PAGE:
The hemophilia community suffered a great loss this month when Barry Haarde passed to spirit. I invited his blood brother (that’s what us hemophiliacs call each other) and fellow cyclist Vaughn Ripley to write a tribute... and what a tribute it is.
One little note on the picture at the bottom. I took the selfie with a group of blood brothers at a hemophilia conference in 2016. Vaughn ordered a round of shots- everyone drank theirs and Barry was kind of nursing his. Then he lectured us all in good spirit about having various levels of liver damage before taking the shot... well, Barry, you got the first shot in on us this time- a shot to the soul. Ride on, Barry, and thanks for the laughs, warmth, generosity and kindness. - S
A Tribute to Barry
by guest blogger Vaughn Ripley
Hemophilia is a rare bleeding disorder that is a deficiency based around a missing (specific) coagulating protein factor. Suffice it to say that an untreated hemophiliac continues to bleed after an injury without any way to stop it. Modern medicine and science have allowed hemophiliacs to survive beyond young adulthood. Factor VIII (pronounced factor eight) is the product that “Type A” hemophiliacs use to prevent and control bleeding episodes.
There are many in the hemophilia community (past and present) who are raising awareness and shedding light on our rare disease. Some are doing epic adventures in the pursuit of advocacy and literally inspiring everyone they meet with their deeds and actions. All of us have a hidden common thread…We look up to Barry Haarde. Not only does he inspire in the bleeding disorder community, but he also inspires in the HIV/AIDS community as well. On top of that, he inspires everyday normal (unaffected) people. Barry is an inspiration of epic proportions!
This tribute is about one of the most amazing people of all time. Barry Haarde. The irony is that many of the other inspirational hemophiliacs owe their start to Barry. His last decade on Earth was dedicated to a mission of not only spreading awareness, but also empowering others to do the same. And he was good at it.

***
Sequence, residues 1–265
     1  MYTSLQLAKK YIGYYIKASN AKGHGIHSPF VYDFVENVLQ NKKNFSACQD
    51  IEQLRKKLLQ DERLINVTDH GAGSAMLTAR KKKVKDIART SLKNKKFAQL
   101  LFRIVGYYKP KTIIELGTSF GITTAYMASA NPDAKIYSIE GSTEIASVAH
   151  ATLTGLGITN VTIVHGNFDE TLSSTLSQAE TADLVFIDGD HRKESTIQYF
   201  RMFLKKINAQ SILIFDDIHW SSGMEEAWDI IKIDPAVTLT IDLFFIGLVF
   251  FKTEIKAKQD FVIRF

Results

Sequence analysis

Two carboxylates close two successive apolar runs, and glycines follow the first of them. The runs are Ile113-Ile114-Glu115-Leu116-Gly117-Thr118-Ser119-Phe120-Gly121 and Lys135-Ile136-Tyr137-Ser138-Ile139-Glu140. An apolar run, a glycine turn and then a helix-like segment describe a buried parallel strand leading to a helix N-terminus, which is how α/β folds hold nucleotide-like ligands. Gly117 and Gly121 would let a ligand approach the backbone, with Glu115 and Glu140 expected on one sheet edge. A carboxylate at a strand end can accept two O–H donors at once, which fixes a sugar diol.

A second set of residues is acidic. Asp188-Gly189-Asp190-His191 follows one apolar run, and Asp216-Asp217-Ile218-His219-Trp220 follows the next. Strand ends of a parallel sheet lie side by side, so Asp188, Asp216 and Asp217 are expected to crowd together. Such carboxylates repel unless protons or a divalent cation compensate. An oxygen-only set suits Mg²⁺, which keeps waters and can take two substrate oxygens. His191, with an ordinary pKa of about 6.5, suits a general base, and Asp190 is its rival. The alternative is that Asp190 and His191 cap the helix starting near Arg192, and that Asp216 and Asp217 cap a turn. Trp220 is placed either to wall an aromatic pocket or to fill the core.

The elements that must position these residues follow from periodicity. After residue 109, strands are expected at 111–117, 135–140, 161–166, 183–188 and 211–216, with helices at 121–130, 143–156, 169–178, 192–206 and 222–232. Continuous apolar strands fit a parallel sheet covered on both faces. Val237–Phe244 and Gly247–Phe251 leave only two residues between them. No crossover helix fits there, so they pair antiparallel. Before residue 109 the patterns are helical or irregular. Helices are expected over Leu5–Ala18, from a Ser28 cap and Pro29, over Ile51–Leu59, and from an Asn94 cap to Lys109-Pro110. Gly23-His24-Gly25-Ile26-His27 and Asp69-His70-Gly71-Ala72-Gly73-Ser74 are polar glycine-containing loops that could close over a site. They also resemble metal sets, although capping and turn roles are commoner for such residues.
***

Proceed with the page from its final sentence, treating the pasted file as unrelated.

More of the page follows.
Barry died on Saturday, February 17, 2018.
But before we get there, let’s leap back in time to November 14, 1965. The day that Barry Haarde, a hero, was born. He was born in time before medicine was available to help hemophiliacs stop bleeding. Barry spent much of his childhood reading and playing his trombone while he was laid up healing bleeds. He didn’t really play any sports and he was a self-proclaimed introvert with few friends. This story rings true for many of us older hemophiliacs. In 1985 Barry was diagnosed with HIV (called HTLV-III back then) at the age of nineteen. He had been infected by tainted blood products that he was taking to control his bleeding. Like many of us from that dark time, he kept his HIV status a secret.
Unfortunately, there were many stories of extreme discrimination, death threats, and even houses that were burned down to scare people out of cities and towns. This stigma was too much for many of us… I personally experienced much of this and can empathize with his emotions and struggles.
Along with the HIV, Barry had also contracted Hepatitis C; which many of us did back in that day-and- age. We call it the three H’s – Hemophilia, HIV, and Hepatitis C. Kind of like winning the anti-lottery if you will. Moving on with his life, Barry used his exceptional trombonist skills and built a career as a professional musician. He even went on some national tours with a few Broadway shows and the Tommy Dorsey Orchestra. Along the way, Barry had the opportunity to perform with Bob Hope, Perry Como, Rosemary Clooney, and many others. Eventually that career ended because the health insurance was minimal and his Factor VIII costs alone were astronomical.
During the eighties, more than 90% of hemophiliacs contracted HIV and Hepatitis C from the “bad blood.” During the nineties, around 90% of those afflicted died from one or more of the many issues that came from these bloodborne pathogens. In 1990, Barry’s brother in-law, Pat, died of AIDS related complications. Then in 2007, Barry’s brother, John, died of liver cirrhosis associated with Hepatitis C.
I first met Barry Haarde back in December of 2010. It was an odd meeting…Barry called my home phone around midnight on a Tuesday evening. He explained that he’d just found my book, Survivor, online and was wondering why he had never heard of me. After my initial shock, I told him that my book was brand new and I had been hiding my HIV and hemophilia status for more than two decades. We spoke for a few hours that night and discussed our many eerie similarities. By the end of our conversation, Barry was lecturing me about needing to be out there, sharing my story and raising awareness. Dumbfounded, I vowed to get involved and said, “good night.” I didn’t sleep a wink that night. But I did promise myself that I would get back involved with the community that I thought had died away.
I’ve never looked back since then. Thank you, Barry!